Wednesday, 13 October 2010

Eisenhorn: Malleus by Dan Abnett

After a century of hard fighting, the Ophidian sub-sector has been reclaimed for the God-Emperor. A mighty triumph is held on Thracian Primaris to celebrate the victory, but the day is blighted by a tragedy so vast in scale it shocks even the battle-weary Imperium. Inquisitor Gregor Eisenhorn investigates the source of the atrocity, even though his own reputation has become blighted by reports of his unorthodox methods. As the investigation unfolds, Eisenhorn discovers links with a case from a century before and heads for a showdown with the daemonhost Cherubael and his unknown master...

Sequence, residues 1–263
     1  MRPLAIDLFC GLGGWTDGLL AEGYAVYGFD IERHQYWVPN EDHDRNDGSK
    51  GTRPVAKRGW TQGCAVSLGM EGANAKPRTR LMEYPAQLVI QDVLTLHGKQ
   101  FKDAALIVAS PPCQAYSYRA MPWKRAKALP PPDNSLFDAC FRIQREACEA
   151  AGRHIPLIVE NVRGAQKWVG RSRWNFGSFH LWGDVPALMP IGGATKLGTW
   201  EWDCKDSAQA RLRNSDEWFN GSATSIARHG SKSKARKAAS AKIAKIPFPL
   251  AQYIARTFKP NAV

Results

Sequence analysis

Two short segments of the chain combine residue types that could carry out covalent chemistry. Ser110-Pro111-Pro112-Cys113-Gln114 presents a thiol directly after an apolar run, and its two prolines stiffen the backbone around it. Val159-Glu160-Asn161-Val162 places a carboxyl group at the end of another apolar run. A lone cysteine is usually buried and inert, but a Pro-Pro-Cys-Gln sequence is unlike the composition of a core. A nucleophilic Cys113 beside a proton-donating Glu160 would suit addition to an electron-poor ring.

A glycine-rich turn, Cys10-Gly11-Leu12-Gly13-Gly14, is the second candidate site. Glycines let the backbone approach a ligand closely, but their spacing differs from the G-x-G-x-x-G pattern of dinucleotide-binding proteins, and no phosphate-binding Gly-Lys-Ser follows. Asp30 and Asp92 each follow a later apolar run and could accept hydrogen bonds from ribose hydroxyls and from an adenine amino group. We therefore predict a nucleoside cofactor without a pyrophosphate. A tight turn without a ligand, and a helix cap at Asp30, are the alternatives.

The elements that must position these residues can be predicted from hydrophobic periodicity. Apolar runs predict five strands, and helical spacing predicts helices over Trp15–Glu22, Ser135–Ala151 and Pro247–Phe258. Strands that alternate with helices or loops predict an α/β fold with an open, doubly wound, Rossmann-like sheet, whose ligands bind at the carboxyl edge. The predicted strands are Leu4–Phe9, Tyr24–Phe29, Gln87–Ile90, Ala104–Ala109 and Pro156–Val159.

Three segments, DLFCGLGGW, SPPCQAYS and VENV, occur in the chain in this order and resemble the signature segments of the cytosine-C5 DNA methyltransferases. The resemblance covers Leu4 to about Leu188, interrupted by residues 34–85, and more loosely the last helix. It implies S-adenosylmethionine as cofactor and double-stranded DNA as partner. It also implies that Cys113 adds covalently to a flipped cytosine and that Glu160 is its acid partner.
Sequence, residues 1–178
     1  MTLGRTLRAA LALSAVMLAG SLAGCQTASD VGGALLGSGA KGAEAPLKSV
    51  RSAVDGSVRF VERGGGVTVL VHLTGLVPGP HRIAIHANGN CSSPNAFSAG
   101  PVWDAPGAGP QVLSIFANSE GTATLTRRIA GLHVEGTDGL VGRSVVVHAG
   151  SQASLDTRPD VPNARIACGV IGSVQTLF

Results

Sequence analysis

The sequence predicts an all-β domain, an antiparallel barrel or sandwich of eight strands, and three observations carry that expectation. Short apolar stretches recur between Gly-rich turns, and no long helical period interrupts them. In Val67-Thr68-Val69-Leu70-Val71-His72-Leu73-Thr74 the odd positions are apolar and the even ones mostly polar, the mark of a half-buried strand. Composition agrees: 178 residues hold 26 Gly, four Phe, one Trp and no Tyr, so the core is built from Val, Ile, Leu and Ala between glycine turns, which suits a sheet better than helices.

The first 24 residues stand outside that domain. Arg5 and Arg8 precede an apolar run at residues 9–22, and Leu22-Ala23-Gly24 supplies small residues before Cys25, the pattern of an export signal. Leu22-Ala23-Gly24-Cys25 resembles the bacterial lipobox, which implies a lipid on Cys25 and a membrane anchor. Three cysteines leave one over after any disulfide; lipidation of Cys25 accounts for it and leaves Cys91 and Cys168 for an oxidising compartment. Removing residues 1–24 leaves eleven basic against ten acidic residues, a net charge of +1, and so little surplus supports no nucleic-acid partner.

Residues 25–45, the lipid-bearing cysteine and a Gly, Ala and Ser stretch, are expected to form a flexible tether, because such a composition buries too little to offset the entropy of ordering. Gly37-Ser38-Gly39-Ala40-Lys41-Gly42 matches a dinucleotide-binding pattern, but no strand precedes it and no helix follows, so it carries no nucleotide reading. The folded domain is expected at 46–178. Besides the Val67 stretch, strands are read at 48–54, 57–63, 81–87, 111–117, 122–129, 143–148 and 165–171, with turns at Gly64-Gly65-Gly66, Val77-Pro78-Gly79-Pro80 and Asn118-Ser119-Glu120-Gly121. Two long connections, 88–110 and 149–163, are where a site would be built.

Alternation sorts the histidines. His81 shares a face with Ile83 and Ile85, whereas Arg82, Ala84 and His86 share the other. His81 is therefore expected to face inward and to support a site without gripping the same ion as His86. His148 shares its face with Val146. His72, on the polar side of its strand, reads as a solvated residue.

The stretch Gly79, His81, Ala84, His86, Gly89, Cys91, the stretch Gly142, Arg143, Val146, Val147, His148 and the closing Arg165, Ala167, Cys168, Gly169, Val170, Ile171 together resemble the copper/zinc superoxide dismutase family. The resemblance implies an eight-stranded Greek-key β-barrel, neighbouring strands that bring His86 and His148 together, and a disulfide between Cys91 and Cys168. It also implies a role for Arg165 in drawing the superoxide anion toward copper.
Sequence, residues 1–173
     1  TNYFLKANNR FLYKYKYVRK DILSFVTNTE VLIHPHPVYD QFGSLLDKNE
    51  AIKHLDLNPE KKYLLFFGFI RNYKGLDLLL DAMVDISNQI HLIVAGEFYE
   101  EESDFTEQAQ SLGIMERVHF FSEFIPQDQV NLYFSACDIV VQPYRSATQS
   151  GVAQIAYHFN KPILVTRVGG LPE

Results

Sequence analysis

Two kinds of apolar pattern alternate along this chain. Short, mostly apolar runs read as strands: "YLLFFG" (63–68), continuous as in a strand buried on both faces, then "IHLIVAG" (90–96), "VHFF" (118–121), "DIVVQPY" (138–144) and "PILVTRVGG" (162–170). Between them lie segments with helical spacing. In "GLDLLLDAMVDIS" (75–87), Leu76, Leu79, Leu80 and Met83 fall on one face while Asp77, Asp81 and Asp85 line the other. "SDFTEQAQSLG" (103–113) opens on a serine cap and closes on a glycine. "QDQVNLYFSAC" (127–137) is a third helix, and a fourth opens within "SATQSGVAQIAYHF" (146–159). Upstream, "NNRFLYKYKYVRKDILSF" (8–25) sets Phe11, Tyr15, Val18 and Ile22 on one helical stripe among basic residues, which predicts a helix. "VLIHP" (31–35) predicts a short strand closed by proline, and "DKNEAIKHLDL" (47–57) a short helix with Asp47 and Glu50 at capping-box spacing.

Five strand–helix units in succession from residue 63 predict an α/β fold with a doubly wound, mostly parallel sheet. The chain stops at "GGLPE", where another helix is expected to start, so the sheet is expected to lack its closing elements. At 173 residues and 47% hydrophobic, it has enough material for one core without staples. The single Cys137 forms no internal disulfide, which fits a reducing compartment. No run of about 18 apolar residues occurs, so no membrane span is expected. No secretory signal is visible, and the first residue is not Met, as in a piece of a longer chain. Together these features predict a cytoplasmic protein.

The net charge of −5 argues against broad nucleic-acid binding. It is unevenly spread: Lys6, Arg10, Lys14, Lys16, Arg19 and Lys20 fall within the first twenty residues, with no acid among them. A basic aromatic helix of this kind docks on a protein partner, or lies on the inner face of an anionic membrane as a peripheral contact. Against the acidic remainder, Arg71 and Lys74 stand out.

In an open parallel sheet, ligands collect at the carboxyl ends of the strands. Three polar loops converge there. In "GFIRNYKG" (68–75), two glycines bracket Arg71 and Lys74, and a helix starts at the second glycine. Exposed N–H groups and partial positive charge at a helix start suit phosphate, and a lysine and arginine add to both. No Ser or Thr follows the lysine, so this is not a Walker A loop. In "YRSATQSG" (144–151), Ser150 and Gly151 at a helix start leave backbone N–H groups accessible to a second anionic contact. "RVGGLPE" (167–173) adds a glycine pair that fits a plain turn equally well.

The second volume of the Eisenhorn Trilogy picks up the story a century on from the events of Xenos, with Eisenhorn and his allies (some old friends and new faces) plunged into a new investigation. As with almost all procedurals, there is a point where the detective is implicated in wrongdoing and has to go on the run to prove his innocence, which is the point Eisenhorn reaches in this book. Mildly cliched, but Abnett handles this storyline with aplomb, with logical use made of Eisenhorn's allies and resources. The story also pushes Eisenhorn a little bit more towards the dark side as he has to become more ruthless to defeat his enemies, which also risks cliche until Abnett throws a couple of clever curve-balls towards the reader in the closing chapters (the motivations of the antagonist are well-thought-out, making good use of the Warhammer 40,000 universe though, once again, foreknowledge of the setting is not required to enjoy this trilogy).

Malleus (****) is a well-written sequel to Xenos and continues the triloy in fine form. The book is available as part of the Eisenhorn omnibus now in the UK and USA.

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